Teacup Goldendoodles can have physical characteristics from Goldens and Poodles but since they usually have more Toy Poodles in their bloodline, they tend to take after the Poodle a bit more. They have a soft, wavy or curly, medium to long length coat.

Their fur can be dense and plush, often resembling the Golden Retriever’s coat, but with a texture more similar to the Poodle’s curly or wavy fur. They should shed far less than the Golden are typically more hypoallergenic with a low-shedding single coat. However, since the Golden Retriever has a shedding, double coat, a teacup Groodle puppy may still inherit a coat that sheds to some extent.

 The coat colors can vary widely and may include shades of:

  • cream
  • gold
  • apricot
  • red
  • chocolate
  • black, or parti-colors

Teacup Goldendoodles typically have an expressive face with dark, round or almond-shaped eyes that radiate warmth and intelligence. Their ears are typically floppy and silky.

They have a sturdy yet compact body, well-proportioned and balanced in appearance. Teacup Goldendoodles generally have a straight back, a deep chest, and a moderately long tail that may be carried straight or with a slight curl.

How Big Do Teacup Golden-poodles Grow?

Full-Grown Teacup Goldendoodles are tiny dogs, growing to 8 to 13 inches (20 to 33 cm) and weighing 7 to 15 pounds (3 to 6 kg). 

General Care and Maintenance of a Teacup Golden-poo

General Care and Maintenance of a Teacup Golden-poo
  • Hypoallergenic: Yes
  • Shedding: Very little 
  • Exercise: 30 minutes of daily exercise 
  • Temperament: Lively, playful, affectionate, playful, intelligent
  • Trainability: Easy to train

Energy Levels 

Teacup Goldendoodles may be small, but they are typically very energetic and thrive with work to do. Due to their small size, they don’t need too much exercise to tire out, but they do not frequent, short bouts of activity throughout the day 

Exercise Needs

Teacup Golden-poos need about 30 minutes of daily exercise in two sessions. They get easily fatigued by just running around the house but walks give them much-needed exploration. Snuffle mats and food puzzles keep their intelligent minds stimulated. 

Housing Requirements 

These dogs must live indoors, so they’re great for apartment life. A fenced yard is great for additional zoomies but regulates their time outside to avoid fatigue and other issues like heatstroke. 

Diet & Nutrition

Teacup Groodles need a diet for small dogs packed with animal proteins, vitamins, fats, and minerals. These dogs can quickly develop hypoglycemia, where their blood sugar runs too low, where symptoms may include shaking back legs. Feeding them several meals daily (3 to 4) is the best way to prevent the condition. When creating a meal plan, your vet will consider any medical issues that could affect their diet.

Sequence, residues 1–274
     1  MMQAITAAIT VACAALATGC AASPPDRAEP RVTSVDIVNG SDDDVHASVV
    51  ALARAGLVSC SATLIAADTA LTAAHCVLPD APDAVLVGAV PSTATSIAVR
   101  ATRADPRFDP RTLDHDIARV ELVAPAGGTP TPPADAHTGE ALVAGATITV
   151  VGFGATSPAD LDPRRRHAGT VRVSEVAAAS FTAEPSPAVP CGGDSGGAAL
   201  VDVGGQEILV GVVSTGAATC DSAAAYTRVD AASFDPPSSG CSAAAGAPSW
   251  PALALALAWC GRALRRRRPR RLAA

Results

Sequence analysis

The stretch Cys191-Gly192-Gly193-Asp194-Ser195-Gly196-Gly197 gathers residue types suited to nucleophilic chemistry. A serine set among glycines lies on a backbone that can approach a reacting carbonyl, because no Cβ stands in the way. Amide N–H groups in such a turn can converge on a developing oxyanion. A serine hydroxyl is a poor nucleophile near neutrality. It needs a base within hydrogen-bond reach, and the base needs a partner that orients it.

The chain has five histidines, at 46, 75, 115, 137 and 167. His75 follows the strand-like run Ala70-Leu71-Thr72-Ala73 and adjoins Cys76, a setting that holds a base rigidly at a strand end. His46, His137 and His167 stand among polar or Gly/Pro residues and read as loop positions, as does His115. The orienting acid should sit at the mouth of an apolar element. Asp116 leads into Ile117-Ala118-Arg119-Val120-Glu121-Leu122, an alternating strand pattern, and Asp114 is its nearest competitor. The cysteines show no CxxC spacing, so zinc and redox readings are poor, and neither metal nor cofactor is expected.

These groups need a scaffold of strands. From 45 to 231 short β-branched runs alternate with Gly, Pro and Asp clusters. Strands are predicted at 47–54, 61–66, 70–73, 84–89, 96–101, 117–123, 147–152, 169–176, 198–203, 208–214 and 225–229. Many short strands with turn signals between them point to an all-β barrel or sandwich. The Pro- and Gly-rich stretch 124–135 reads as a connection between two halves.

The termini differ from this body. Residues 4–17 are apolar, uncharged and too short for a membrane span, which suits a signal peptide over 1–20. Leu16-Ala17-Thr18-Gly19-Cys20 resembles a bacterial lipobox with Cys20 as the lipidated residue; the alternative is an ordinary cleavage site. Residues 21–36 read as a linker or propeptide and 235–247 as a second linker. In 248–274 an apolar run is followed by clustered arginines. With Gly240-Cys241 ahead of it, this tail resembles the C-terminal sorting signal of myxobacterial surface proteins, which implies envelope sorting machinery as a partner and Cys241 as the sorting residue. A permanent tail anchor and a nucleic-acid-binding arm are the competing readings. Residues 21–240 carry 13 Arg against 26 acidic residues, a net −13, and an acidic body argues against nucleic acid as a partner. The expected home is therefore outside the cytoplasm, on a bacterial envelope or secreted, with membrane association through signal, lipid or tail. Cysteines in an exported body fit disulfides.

Grooming Needs

These dogs need regular coat brushing at least two to three times a week because their curly coats can easily tangle and mat. They also need teeth brushing twice a week to prevent oral diseases, nail clipping, ear cleaning, and regular baths.

You may need to see a doggy parlor every six months to keep their coats trimmed and manageable. 

The Health of a Teacup Groodle

The Health of a Teacup Groodle

Since a Teacup Goldendoodle may be 88% Poodle, they are susceptible to health conditions prevalent in the breed. This means that they tend to have less “hybrid vigor” which makes mixed breeds healthier than pure breeds.

Poodles are considered to be robust dogs with few health conditions. However, they are susceptible to a few diseases that they may pass to Teacup Groodles.

One study showed that these dogs are more likely to develop immune disorders like Addison’s Disease. The increased risk is due to possible inbreeding. Thyroid problems are another common condition, necessitating more-than-usual check-ups to keep at bay.

These dogs are also prone to health issues prevalent in Teacups and toy breeds. Certain health issues like liver shunts, collapsed tracheas, and hypoglycemia are more frequent in miniature dogs. A study showed a strong relationship between the collapse of the trachea and middle-aged toy breeds.

Other health conditions in this mixed dog include:

Severe Health issues

  • Hip and elbow dysplasia 
  • Hypoglycemia